People love making predictions, especially during perceived inflection points. In 2008, General Motors slashed production of trucks and sports utility vehicles, citing high gas prices, which at the time had eclipsed $4 per gallon, a previously unthinkable threshold.
It prompted one auto industry analyst to declare: "The trend away from these vehicles is irreversible." Fast forward 12 years, and 'these vehicles' account for the vast majority of car sales in the U.S., and their share of the market is growing.
We've certainly seen no shortage of grand pronouncements since the coronavirus outbreak, including by many respected thought leaders in our industry. Some will look good in retrospect, while many others won't. Here's my take:
WHAT I KNOW…
The value of advice is an enduring industry truth, in good times and bad, and there's likely nothing that could unfold in the future that will change that reality.
If you made an appointment with your doctor after falling ill, you’d likely be horrified if you were told to "go home, take no preventative action and let whatever is ailing you pass." Advisors who have sat on their hands since March and endorsed the ‘ride-it-out’ approach have no doubt elicited similar reactions from their clients (some of whom are probably former clients).
Having been involved in the financial services industry for over 30 years, I can say without qualification that there’s one common thread that unites each economic downturn: Clients needing financial advice.
They needed it during the financial crisis, in the aftermath of Sept. 11, in the wake of the dot-com bubble bursting in the early 2000s, and, as we continue to grapple with the fallout from the coronavirus, they need it today.
And even as the advice is situational, advisors can always do something to help a client. The worst thing they can do is do nothing at all.
WHAT I THINK I KNOW…
The prevailing wisdom is that the pandemic has unleashed a series of tech-driven behaviors and trends that will be nearly impossible to unwind. Much of this sentiment is probably true – though many of these changes were well underway before the outbreak of the virus, with recent events only serving to hasten them.
E-signature, for instance, is set to become institutionalized. In the past, many firms offered this service, but adoption rates were relatively low due in part to the fact that many questioned whether their clients wanted it. Now, nearly everyone understands the value of e-signature, even as higher rates of adoption may take more time.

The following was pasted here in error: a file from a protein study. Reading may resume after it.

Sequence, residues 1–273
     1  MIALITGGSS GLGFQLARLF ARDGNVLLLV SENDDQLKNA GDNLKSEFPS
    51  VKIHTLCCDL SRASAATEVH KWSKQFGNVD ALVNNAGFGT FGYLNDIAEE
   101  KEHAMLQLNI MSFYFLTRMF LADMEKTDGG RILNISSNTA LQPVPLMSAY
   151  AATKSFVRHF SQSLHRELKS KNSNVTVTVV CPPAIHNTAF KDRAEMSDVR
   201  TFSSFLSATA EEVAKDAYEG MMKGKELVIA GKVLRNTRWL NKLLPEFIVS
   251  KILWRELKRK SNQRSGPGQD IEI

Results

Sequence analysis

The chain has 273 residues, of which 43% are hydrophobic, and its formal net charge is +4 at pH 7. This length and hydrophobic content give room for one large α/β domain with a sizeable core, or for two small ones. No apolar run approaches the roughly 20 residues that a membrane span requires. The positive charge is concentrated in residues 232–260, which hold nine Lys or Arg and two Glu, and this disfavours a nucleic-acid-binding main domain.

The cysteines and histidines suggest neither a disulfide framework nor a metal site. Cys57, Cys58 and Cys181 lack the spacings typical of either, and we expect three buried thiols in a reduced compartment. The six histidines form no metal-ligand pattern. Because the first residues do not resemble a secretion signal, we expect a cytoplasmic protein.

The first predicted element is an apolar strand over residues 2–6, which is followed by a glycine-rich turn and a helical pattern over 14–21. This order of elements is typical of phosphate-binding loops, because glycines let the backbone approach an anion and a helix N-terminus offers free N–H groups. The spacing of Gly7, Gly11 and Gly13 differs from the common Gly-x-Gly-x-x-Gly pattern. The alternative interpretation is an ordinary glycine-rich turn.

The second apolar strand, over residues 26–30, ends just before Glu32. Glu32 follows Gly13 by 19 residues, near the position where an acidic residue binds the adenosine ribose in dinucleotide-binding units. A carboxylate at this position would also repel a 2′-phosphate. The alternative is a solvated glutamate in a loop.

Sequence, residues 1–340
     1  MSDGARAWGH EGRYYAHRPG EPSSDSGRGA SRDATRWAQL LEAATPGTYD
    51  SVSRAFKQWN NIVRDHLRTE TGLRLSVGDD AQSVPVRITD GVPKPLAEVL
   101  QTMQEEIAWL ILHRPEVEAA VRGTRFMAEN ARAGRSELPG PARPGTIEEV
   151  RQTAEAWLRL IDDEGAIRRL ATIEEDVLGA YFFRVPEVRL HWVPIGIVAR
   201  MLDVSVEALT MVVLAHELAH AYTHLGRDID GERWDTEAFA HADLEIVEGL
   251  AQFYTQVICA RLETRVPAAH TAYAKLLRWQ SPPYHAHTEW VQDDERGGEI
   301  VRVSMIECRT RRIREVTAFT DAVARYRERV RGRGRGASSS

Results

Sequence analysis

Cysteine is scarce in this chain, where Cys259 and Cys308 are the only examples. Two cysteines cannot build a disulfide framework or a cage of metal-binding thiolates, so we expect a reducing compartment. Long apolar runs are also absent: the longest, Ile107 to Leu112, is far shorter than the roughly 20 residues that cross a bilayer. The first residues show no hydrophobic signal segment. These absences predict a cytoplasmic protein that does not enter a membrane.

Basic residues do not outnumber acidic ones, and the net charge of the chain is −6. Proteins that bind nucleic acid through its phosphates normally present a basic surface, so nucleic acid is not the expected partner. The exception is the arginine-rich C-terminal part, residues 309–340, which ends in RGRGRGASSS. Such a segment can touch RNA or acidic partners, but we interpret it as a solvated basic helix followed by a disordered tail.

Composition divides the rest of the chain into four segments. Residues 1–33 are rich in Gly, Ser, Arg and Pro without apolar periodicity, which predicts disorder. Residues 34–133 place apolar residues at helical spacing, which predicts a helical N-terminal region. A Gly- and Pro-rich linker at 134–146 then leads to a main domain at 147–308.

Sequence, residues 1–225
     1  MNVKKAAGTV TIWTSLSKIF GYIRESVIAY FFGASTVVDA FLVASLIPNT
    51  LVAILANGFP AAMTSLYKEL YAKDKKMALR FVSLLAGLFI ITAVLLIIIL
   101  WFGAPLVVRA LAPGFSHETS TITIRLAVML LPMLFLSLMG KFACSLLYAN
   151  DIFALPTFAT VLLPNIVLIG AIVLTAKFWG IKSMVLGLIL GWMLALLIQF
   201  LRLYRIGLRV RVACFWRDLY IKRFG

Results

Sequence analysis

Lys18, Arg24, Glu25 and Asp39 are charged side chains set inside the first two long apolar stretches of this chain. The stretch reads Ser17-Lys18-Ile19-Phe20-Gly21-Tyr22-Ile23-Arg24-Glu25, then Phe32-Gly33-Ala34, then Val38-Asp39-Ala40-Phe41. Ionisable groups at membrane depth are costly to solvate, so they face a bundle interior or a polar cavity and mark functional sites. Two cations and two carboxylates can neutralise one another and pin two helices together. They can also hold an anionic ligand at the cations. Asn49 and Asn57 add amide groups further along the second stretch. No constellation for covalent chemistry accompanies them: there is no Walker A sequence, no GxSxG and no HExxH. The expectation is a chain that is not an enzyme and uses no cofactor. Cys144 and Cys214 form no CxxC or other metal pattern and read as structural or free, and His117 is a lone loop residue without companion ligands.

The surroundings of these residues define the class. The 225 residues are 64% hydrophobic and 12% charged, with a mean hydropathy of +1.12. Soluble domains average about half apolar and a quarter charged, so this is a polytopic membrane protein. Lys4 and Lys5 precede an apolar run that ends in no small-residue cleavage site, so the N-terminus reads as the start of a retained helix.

It's a similar story for virtual meetings. Zoom and other video conferencing platforms pre-date the virus, but usage in our industry was rare. Today, Zoom is so widely used that it has become a verb. As a result, many clients will want to continue meeting this way in the future.
Even prospecting could look different going forward. While many cannot wrap their heads around engaging a client without first meeting them in person, some were already doing it and chances are that it will happen with more regularity going forward.
Advisors who refuse to adapt to some of these new realities won't face extinction. Many, in fact, will continue to do very well, especially RIAs that rely on recurring revenues. Make no mistake, however, anyone expecting a return to the 'old ways' of doing business could struggle to grow in the future.
WHAT I QUESTION…
Many have predicted the death of the traditional office environment in financial services. I’m skeptical.
Amazon founder and CEO Jeff Bezos built his company into a behemoth, in part, based on his view that a fine line exists between having too many people in a meeting and just enough. The perfect number, in his mind, is however many it takes for two pizzas to feed comfortably.
Beyond demonstrating that Bezos didn’t want to waste his or anyone else’s time, the ‘two-pizza rule’ shows that he believes teams getting together in the same room and bouncing ideas off one another has value. The company's post-pandemic plans to upsize its real estate footprint only underscore this point.
Many wealth management practices have the same view: right-sized teams coming together to solve big problems is the best way to build better businesses and stay ahead of the competition.
And what many of them have likely found is that replicating this sort of dynamic remotely is not as easy as many of 'the office is dead' commentaries are willing to recognize – especially when you add in the complexities associated with managing a large staff and the clients who don't want to "Zoom."
Some advisors will no doubt go to an all telecommuting model and never look back. Others will either pursue shared space or downsize.
But large segments of the industry will continue to want to meet in-person with both clients and staff. That requires having an office.
Anytime there’s upheaval, inevitably people will proclaim, “Things will never be the same.” Yes, the pandemic will force advisors to adapt and best practices to continue to evolve, but this is not the end of the world as we know it. Models and businesses that have been declared dead will survive, while changes that were already underway will simply unfold more rapidly.
Clive Slovin is president and CEO of SFA Partners, an Atlanta-based family of independent financial firms.